We need to create a VPC to deploy the cluster, VPCs are deployed using terraform code under cloud-platform-infrastructure/terraform/aws-accounts/cloud-platform-aws/vpc folder:

cd cloud-platform-infrastructure/terraform/aws-acounts/cloud-platform-aws/vpc
terraform init
terraform workspace new <WorkspaceName>
terraform apply

You should be able to see your new VPC (called WorkspaceName) inside the AWS Console. Check it before jumping to the next step.

NOTE: For conventions purposes please call all terraform workspaces the same.

2. Creating EKS cluster

Now it’s time to provision the cluster itself, we change directory to terraform/aws-accounts/cloud-platform-aws/vpc/eks and follow very similar terraform workflow:

If you are running on m1 mac then you may experience this error:

â•·
│ Error: Incompatible provider version
│
│ Provider registry.terraform.io/hashicorp/template v2.2.0 does not have a package available for your current platform, darwin_arm64.
│
│ Provider releases are separate from Terraform CLI releases, so not all providers are available for all platforms. Other versions of this provider may have different platforms supported.

This is because the template provider was deprecated and archived before the existence of m1 (darwin_arm64) releases. To overcome this error we must compile the provider ourselves for your Apple Silicon. Luckily, there’s this nifty cli tool that will download and compile the provider for us:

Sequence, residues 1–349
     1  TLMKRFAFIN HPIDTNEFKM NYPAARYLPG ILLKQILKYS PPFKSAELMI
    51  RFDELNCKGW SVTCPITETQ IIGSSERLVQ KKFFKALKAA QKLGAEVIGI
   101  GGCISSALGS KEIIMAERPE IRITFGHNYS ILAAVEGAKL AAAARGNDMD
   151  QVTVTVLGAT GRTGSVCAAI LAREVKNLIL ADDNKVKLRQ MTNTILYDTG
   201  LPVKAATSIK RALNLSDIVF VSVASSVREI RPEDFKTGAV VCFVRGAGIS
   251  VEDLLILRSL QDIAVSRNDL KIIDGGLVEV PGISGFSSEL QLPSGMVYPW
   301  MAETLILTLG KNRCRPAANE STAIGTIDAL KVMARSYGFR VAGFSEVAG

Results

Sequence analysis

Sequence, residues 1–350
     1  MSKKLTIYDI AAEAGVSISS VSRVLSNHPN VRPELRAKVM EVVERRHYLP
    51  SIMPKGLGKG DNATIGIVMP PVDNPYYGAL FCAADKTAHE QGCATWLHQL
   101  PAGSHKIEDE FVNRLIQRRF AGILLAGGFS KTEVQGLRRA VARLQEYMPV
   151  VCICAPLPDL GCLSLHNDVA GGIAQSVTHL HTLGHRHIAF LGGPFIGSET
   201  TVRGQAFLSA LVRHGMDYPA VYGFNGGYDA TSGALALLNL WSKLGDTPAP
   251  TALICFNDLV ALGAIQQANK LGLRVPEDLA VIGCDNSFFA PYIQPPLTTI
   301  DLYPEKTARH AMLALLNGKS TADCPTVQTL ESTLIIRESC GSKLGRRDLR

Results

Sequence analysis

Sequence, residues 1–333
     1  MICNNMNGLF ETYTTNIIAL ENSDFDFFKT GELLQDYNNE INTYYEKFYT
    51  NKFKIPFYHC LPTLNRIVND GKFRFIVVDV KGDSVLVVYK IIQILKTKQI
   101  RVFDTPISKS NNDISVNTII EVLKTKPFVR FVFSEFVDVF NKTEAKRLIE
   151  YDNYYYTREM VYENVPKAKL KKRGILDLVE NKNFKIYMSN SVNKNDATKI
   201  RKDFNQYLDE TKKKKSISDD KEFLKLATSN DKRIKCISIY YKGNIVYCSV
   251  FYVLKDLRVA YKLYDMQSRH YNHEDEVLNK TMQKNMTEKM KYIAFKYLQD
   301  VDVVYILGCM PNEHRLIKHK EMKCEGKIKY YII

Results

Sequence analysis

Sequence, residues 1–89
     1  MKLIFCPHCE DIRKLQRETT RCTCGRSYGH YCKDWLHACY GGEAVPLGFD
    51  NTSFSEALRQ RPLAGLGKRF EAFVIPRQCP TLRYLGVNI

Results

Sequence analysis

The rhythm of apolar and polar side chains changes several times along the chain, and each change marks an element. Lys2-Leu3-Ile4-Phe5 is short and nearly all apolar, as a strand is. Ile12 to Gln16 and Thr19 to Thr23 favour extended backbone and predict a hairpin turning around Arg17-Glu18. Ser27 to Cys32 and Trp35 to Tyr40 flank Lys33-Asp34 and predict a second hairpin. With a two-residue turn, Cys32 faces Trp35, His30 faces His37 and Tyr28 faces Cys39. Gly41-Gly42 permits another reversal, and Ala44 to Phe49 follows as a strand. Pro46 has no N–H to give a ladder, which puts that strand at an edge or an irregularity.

brew install kreuzwerker/taps/m1-terraform-provider-helper
m1-terraform-provider-helper activate
m1-terraform-provider-helper install hashicorp/template -v v2.2.0

Now we can continue with our terraform commands:

terraform init
terraform workspace new <WorkspaceName>
git-crypt unlock
terraform apply

Once terraform finishes you should be able to generate your kubeadmin file (used by kubectl to establish a connection to the cluster) using aws-cli in the following way:

aws eks --region eu-west-2 update-kubeconfig --name mogaal-eks

NOTE: Replace “mogaal-eks” with the cluster name (workspace name)

Final check for this step consists in cluster connection

$ kubectl cluster-info
Kubernetes master is running at https://B04C5FC7828A0515457E141A9610815D.sk1.eu-west-2.eks.amazonaws.com
CoreDNS is running at https://B04C5FC7828A0515457E141A9610815D.sk1.eu-west-2.eks.amazonaws.com/api/v1/namespaces/kube-system/services/kube-dns:dns/proxy

To further debug and diagnose cluster problems, use 'kubectl cluster-info dump'.

3. Deploy core

Core installation refers to a set of components that need to deployed to the cluster before other components are installed. Things like networking, policy engines, monitoring etc. We need to have the KUBECONFIG variable exported and make sure you have access to the cluster. To deploy core we go to terraform/aws-accounts/cloud-platform-aws/vpc/eks/core and follow exactly the same terraform workflow:

terraform init
terraform workspace new <WorkspaceName>
terraform apply

4. Deploy components

Components installation is the last step, for that we need to have the KUBECONFIG variable exported and make sure you have access to the cluster. To deploy components we go to terraform/aws-accounts/cloud-platform-aws/vpc/eks/core/components and follow exactly the same terraform workflow:

terraform init
terraform workspace new <WorkspaceName>
terraform apply